Third, our legislators should remember that during the last strike, their own efforts were virtually thwarted by the halfhearted official handling of the matter. That only two issues — the review of the retirement age of professors from 65 to 70 and the reinstatement of prematurely dissolved governing councils — were the only ones implemented in a list of items of a four-year-old agreement suggests that we need to work towards a more sincere approach by all concerned.

Considering that President Jonathan is himself an academic, it seems strange that his team of Education Minister and NUC’s Executive Secretary who are also from that constituency are unable to win the confidence of their former colleagues. Could it be that the agreement with ASUU to which government initially committed itself in 2009 was later found to be unworkable like the famous ‘Aburi agreement’? If so, it is the body language of government that should change. One good way of doing this is to shun blackmail and explore the persuasive mobilization expertise of people like the legendary Jerry Gana who himself is now Chairman of a University Council.

Their work would be to let ASUU into the costs of unexpected emergencies like our unprecedented security challenges and the ravages of flooding. They should then seek to convert ASUU members to partners in progress by evolving a road map based on an agreed and sincere instalmental implementation of the other items in the 2009 agreement.

This would obviously be more persuasive than the present trend whereby some privileged persons in the corridors of power are as usual busy convincing government that ASUU members are charlatans as well as tools being used by the opposition to destabilize government.

University management teams must also change their approach to the crisis at hand. Many of them appear too comfortable to be bothered about ASUU feelings. At the Nnamdi Azikiwe University (UNIZIK), Awka, for instance, the authorities allegedly locked ASUU members out of the multi-purpose hall where they were to hold a scheduled meeting.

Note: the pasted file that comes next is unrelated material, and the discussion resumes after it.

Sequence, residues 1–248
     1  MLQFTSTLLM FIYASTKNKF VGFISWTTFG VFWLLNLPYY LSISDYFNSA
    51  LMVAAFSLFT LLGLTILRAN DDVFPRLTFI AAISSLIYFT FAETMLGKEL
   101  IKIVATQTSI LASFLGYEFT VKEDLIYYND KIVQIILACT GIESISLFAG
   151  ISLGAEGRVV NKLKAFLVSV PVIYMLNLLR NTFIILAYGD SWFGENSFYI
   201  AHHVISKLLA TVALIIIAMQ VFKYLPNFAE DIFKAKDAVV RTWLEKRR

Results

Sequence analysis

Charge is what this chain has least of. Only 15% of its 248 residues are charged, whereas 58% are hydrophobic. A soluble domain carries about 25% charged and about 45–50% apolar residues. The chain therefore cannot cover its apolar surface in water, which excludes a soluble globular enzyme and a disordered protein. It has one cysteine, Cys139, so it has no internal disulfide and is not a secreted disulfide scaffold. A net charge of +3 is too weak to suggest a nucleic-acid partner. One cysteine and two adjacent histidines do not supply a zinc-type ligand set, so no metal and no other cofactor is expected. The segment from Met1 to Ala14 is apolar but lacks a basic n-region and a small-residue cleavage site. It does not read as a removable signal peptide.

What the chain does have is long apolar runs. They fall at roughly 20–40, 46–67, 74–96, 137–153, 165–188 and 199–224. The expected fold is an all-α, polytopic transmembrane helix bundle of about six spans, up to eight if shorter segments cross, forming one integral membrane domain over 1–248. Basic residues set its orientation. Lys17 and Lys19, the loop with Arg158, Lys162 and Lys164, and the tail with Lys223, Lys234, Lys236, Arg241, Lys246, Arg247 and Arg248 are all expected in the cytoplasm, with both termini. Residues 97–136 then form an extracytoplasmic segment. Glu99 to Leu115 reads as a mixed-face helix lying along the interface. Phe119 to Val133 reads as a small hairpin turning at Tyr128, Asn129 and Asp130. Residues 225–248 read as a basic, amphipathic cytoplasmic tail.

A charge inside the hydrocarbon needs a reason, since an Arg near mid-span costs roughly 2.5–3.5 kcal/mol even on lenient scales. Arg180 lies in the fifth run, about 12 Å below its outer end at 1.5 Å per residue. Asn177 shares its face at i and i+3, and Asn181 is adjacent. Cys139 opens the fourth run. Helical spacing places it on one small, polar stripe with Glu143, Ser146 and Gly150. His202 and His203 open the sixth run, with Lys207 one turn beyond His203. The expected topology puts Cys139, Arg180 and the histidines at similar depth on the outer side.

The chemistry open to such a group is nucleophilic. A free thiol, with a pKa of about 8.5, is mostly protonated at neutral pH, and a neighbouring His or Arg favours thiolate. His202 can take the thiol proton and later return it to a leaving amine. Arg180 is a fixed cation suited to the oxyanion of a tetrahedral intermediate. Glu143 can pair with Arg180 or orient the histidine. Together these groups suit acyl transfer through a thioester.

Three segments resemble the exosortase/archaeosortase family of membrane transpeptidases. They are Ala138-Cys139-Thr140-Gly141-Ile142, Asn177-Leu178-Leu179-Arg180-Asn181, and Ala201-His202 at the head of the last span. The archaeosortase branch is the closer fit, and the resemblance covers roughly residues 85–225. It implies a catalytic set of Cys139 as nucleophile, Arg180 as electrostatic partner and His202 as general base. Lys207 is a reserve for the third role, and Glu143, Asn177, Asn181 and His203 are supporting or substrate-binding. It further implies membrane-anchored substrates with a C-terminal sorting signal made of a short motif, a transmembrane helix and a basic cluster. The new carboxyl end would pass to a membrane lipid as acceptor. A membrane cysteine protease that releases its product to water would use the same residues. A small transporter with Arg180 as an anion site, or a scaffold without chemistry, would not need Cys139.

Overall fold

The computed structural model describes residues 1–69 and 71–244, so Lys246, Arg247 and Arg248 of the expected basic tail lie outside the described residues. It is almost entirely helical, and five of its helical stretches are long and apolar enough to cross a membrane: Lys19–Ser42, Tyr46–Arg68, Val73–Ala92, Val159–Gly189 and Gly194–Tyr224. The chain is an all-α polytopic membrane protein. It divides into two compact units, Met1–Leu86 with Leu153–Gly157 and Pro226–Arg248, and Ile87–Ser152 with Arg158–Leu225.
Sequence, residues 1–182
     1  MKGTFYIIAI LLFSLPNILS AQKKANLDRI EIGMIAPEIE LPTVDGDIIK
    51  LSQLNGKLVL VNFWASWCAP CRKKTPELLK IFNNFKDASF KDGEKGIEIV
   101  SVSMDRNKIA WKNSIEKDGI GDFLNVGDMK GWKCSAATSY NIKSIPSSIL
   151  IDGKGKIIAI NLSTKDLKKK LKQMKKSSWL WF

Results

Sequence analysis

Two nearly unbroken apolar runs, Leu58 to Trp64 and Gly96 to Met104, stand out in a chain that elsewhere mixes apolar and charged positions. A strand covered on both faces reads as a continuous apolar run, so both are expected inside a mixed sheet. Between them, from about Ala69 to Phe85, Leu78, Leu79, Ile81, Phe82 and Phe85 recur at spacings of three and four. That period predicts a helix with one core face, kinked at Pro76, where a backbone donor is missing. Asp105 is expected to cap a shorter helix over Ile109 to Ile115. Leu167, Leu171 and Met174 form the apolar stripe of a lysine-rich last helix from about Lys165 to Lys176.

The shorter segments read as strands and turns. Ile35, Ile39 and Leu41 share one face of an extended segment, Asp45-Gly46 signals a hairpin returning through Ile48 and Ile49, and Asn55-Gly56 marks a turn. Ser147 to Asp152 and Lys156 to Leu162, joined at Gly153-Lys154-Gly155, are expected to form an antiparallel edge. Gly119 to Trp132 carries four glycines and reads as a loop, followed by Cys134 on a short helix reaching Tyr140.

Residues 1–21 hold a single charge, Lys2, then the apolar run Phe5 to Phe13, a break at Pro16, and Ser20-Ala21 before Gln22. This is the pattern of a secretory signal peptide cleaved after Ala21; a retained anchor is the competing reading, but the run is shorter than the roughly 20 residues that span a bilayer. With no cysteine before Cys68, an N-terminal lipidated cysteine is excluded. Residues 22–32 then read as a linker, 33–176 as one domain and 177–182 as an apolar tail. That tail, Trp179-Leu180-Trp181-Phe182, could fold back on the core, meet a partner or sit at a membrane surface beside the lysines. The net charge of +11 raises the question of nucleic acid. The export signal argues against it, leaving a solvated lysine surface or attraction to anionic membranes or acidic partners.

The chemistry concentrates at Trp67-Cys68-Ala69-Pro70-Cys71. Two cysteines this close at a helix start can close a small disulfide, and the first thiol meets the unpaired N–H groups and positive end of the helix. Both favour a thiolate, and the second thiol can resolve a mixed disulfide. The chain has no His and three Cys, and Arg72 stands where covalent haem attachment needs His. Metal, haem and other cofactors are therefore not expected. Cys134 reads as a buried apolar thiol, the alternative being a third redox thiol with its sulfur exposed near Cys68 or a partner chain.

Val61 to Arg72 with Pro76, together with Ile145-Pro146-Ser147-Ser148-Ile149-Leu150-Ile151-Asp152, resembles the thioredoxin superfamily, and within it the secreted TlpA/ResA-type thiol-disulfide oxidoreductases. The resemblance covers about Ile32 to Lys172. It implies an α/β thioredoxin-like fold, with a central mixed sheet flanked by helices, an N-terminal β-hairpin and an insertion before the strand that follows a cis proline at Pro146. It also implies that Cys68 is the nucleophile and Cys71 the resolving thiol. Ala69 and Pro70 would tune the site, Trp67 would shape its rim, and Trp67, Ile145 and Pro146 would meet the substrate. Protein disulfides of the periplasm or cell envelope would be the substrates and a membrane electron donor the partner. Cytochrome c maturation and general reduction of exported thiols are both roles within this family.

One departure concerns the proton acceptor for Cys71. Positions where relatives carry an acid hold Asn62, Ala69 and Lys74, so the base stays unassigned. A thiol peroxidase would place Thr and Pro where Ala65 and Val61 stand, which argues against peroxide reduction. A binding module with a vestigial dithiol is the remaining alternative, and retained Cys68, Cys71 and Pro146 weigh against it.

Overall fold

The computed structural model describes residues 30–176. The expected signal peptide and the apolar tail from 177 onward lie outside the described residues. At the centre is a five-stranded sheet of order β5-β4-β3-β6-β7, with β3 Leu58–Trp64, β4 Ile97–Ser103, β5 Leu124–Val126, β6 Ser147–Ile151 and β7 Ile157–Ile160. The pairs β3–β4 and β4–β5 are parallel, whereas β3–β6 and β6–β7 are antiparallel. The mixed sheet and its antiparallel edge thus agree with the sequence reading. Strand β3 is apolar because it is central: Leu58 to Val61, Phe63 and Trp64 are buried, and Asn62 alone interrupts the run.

Some examinations were reportedly held in the School during the strike in line with what is called the Vice Chancellor’s ‘students first’ philosophy and policy. Who will mark, collate and grade those examinations? Such an approach which can antagonize ASUU is similar to that by which honorary degrees are often given to government officials known to be ‘unhelpful’ to the cause of ASUU

University managers can in earnest reduce the frustrations in their campuses. For example, every session, some universities admit over 200 students for courses for which available classrooms can hardly accommodate 50 students.

Painfully, what is collected yearly as internally generated revenue (IGR) makes little or no impact on the overcrowded facilities in our universities thus stamping into the sub-consciousness of a pressure group like ASUU, the inadequacies of the environment. It is submitted that a more judicious use of IGR is capable of putting some smiles on the faces of teachers and students in our universities.


Read this article in The Vanguard


Op-ed pieces and contributions are the opinions of the writers only and do not represent the opinions of Y!/YNaija